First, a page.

Businesses have been caught off guard by the war in Ukraine, but the conflict will require careful watching in the future. To understand the various connotations better, the Economist Intelligence Unit (EIU) held a session in London, debating the future of the region.
Almost no one saw Russia’s highly aggressive policy against Ukraine coming. Putin’s invasion and annexation of Crimea, which was initially denied to the world, following by a military incursion in Donetsk and Lugansk has taken analysts and experts by total surprise. Now, the best we can do is try to chart potential scenarios of further escalations. Alex Nice, analyst at the EIU, described current affairs in the region as "in a period of extraordinary uncertainty…. We can still expect radical change."
The most ’positive outlook’ for Russia involves Europe dropping most of the hardest hitting sanctions by 2015 (although the US is expected to retain most of theirs). Although this will generate some investment in the short-term in reviving frozen deals, the long-term growth prospects are still doubtful, as companies avoid exposure to future political risk. Moreover, the continuing credit crisis for Russian businesses may tip the banking sector into collapse, eliciting more state involvement and even nationalisation within the market.
Given the reliance on the state on petrochemicals, the issue of oil prices was a significant discussion point. Nice believes that the state could withstand prices as low as $80 per barrel, although this requires substantial withdrawing of national reserves. However, prices falling below this point will raise questions over the viability of the state.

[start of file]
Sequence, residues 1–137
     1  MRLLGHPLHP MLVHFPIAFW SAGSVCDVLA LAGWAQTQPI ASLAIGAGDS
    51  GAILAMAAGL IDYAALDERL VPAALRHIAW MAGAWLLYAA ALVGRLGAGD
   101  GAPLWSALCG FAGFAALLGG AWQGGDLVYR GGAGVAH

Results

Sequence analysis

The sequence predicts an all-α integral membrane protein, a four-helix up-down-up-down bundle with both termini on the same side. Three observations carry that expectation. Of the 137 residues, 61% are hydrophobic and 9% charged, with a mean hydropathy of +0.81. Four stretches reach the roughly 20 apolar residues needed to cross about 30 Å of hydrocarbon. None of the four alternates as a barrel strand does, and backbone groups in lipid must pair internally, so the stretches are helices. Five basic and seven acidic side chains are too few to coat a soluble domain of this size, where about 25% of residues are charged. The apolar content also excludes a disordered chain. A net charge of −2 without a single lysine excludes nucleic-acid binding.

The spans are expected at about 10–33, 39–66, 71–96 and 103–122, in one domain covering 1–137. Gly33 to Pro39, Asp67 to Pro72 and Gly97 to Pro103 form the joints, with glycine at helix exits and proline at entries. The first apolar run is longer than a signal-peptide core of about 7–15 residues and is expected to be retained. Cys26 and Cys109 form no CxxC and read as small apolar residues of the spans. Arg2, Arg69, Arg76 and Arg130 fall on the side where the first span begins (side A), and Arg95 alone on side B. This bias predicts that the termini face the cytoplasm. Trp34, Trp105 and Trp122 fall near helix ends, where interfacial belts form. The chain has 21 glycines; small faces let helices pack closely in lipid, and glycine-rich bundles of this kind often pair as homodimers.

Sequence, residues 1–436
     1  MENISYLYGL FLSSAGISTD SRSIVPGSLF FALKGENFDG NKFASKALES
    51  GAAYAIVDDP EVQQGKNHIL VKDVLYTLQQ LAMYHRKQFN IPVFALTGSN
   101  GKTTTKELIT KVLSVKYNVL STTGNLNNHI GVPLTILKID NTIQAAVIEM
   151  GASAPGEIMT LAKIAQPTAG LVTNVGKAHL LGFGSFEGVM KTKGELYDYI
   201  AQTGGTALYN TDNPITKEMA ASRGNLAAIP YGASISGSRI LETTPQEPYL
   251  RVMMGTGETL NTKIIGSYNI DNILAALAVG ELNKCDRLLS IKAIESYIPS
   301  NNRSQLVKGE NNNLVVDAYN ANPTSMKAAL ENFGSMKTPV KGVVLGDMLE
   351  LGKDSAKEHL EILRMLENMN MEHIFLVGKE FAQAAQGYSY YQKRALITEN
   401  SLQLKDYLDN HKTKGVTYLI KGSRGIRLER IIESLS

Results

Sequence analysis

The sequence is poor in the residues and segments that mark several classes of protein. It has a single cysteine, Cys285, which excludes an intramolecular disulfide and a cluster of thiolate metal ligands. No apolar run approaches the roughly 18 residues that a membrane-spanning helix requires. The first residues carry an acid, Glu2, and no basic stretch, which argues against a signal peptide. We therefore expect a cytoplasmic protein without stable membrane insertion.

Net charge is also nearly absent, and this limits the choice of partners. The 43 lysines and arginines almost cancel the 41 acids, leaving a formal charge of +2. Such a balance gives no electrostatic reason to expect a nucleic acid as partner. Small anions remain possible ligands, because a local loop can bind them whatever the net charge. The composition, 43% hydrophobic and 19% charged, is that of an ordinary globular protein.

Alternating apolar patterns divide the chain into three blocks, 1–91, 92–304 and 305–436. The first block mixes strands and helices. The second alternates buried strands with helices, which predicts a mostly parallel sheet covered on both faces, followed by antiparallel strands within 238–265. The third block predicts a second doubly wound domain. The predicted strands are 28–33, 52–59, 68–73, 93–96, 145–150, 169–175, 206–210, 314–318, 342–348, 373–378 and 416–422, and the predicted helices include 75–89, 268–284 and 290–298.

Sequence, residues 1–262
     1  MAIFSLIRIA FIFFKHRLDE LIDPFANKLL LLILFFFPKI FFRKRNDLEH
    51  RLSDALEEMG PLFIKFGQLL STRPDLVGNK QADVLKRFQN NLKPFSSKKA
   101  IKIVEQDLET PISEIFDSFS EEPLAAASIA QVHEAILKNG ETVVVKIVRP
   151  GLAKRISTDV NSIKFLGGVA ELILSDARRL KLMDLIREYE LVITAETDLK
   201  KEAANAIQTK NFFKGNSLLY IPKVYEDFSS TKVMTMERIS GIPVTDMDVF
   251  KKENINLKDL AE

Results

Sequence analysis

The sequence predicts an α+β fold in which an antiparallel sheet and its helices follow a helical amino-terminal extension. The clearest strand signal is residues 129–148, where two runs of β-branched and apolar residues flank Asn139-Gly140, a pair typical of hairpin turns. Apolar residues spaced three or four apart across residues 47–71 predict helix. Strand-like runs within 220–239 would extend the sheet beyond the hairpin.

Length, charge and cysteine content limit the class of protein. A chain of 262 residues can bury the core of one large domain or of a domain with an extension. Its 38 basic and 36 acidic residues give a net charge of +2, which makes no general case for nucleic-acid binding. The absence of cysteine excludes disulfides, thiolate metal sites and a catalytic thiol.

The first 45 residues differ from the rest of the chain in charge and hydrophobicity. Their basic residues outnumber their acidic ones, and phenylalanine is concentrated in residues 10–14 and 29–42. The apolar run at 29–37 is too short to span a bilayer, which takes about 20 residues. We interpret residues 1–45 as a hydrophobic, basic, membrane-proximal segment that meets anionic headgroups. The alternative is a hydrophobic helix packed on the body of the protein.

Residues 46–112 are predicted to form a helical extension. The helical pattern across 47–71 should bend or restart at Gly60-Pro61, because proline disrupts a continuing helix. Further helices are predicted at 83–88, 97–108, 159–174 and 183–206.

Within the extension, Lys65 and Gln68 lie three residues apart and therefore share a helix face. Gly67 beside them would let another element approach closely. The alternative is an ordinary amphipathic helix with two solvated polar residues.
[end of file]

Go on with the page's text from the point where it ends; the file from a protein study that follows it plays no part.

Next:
The country also has a number of structural factors that, for the moment, the war in Ukraine is masking.
Firstly, Nice sees a significant crisis of legitimacy within the state. The elite have yet to address the concerns of the urbanite Russians who took to the streets in mass protests in 2010. The decay of democracy since then has deepened the concerns of many even further. The country’s governance scores, in terms of political freedom, freedom from corruption and other prosperity indicators have been in a nosedive for the past five years.
Secondly, the country has yet to diversify its industrial base and as such is essentially an oil state. Entrepreneurial and highly skilled talent flee Russia as soon as they are able. The EIU is forecasting drops in the labour force of 20 million by 2050, and a fall by 10 million by 2030.
Given the return of geopolitical tensions, the price of Russia’s desire to aggressively confront its enemies (real or otherwise) is falling behind its economic competitors, which, intriguingly, it sees as political allies. The EIU believe that the country’s annual growth rate will not exceed 2% by 2030. During this same period, Brazil is to see annualised rates of 2%, China 5% and India 6%.
As many CIS states wish to join the prosperous European Union, it seems as though the Kremlin is set to be at odds with its neighbours for some time. “Russia is unreconciled to Europe’s expanding influence,” noted Nice. "This tension will continue for the next 10 – 20 years."
Businesses would do well to take note of the long-term risk in the Russian connections within their supply base.